Building a Better Mousetrap in Japan

 

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The Great Financial Crisis has exposed a deep chasm in economics and economic policy. No single institution has crystallized this more than the Bank of Japan.

The former Governor Shirakawa brought policy rates to nearly zero to combat deflation. His successor, Kuroda, took the central bank in the completely other direction. He has introduced three elements of unconventional policy in an institution that was wedded to orthodoxy.

These include an aggressive expansion of the central bank’s balance sheet through asset purchases. The assets being purchased are of greater risk than what other central banks have purchased, (including equities and REITs). Most recently the central bank introduced a negative deposit rate on what appears to be a modest amount of reserves (<20%).

The contrast between Shirakawa and Kuroda is great and has proved frustrating for the bureaucrats and technocrats that play such an important role in the central bank. Japanese are well aware that the root of Shirakawa means white, and the root of Kuroda means black. The same drama is being played out in Europe.

Philosophically, the Bundesbank is not far from Shirakawa’s position, while the majority of the ECB is more similar to Kuroda. Even though Draghi quickly reversed the two rate hikes introduced by his predecessor, the contrast with Trichet was not as great as we’ve seen in Japan. Trichet did initiate a sovereign bond buying program, liberalized collateral rules, oversaw ECB loans to Greece.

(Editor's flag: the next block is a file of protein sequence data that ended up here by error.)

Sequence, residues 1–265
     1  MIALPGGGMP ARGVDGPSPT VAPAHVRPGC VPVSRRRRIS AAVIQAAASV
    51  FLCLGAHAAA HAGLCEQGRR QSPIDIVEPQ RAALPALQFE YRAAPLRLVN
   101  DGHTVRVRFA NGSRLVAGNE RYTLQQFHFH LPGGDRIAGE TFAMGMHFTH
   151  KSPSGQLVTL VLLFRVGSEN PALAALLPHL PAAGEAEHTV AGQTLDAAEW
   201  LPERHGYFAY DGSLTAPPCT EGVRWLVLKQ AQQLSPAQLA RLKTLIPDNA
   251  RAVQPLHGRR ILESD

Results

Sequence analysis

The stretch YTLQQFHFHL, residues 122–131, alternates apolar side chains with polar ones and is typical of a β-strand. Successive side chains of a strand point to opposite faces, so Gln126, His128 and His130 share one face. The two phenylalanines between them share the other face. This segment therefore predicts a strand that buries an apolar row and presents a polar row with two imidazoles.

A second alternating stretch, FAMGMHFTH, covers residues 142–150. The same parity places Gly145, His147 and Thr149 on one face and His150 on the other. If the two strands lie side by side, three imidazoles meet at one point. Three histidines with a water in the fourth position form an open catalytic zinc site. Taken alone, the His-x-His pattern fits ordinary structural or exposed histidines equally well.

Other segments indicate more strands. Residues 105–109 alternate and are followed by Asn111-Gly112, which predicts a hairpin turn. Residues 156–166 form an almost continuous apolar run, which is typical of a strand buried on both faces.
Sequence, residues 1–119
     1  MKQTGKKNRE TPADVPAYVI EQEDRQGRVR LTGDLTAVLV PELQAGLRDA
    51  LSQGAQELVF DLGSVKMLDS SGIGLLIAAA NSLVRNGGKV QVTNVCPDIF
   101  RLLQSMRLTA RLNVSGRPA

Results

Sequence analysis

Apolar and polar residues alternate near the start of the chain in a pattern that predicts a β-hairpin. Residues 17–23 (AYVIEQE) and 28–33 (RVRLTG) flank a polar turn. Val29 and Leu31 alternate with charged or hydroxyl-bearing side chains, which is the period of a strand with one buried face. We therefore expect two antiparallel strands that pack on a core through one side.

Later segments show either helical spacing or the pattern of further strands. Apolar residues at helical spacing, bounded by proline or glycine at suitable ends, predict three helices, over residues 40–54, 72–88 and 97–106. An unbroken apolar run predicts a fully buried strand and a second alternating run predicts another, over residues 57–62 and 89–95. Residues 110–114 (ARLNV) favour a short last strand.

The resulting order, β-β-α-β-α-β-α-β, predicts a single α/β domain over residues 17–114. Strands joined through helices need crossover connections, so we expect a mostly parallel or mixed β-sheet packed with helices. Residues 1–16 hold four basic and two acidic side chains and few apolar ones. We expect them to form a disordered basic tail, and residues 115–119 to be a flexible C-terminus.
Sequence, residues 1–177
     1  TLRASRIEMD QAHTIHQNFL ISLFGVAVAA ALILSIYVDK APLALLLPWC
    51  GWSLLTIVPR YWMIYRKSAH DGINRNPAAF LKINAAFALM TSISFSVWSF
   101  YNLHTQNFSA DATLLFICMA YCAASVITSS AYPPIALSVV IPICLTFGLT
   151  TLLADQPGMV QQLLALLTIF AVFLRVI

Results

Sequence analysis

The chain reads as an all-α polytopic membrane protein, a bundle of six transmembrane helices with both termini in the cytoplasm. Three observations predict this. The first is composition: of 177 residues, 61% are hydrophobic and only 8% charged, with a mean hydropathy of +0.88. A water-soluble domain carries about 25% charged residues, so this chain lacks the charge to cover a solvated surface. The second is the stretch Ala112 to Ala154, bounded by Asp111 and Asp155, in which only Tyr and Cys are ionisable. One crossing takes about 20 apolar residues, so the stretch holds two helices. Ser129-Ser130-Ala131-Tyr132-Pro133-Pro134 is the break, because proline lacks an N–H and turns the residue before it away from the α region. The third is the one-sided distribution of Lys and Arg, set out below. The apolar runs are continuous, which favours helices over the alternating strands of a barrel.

In many ways, the divide is a recapitulation of the debate between Hayek and Keynes. Shirakawa and German ordo-liberalism does not seem far from Hayek’s position. The active monetarism of Kuroda is consistent with Keynesian thought and is cut of the same cloth as Draghi’s suit.

The great Chinese pragmatist Deng Xiaoping famously noted that it does not matter if the cat is black or white as long as it catches mice. Therein lies the rub for Japan. Neither the white cat nor the black cat has caught mice. Neither Shirakawa’s monetary restraint nor Kuroda’s aggressive activism has succeeded in defeating deflation, putting the economy on more solid footing, or providing incentives to for the government reduce the mountain of sovereign debt, which is now surpassing 225% of GDP.

One cannot help but wonder if Bundesbank President Weber had replaced Trichet rather than Draghi, would inflation be closer to the ECB’s target? Would unemployment be lower? Would the northern creditor nations be more willing to recycle their surplus by buying the bonds of the southern debtor countries? Most would likely answer these questions in the negative.

Nevertheless, whatever approach a central bank takes, it can be criticized for failing to deliver the goods. Shirakawa was criticized, and Abe may not be able to find a more un-Shirakawa successor than Kuroda. Although Kuroda does not have produced better results, the Bank of Japan’s balance sheet, at nearly 80% of GDP is more than three-times larger than the Federal Reserve or ECB’s balance sheets. Moreover, it is not simply the size of the balance sheet, but its composition contains considerable riskier assets than the Fed or ECB. The BOJ, for example, buys ETFs and REITs.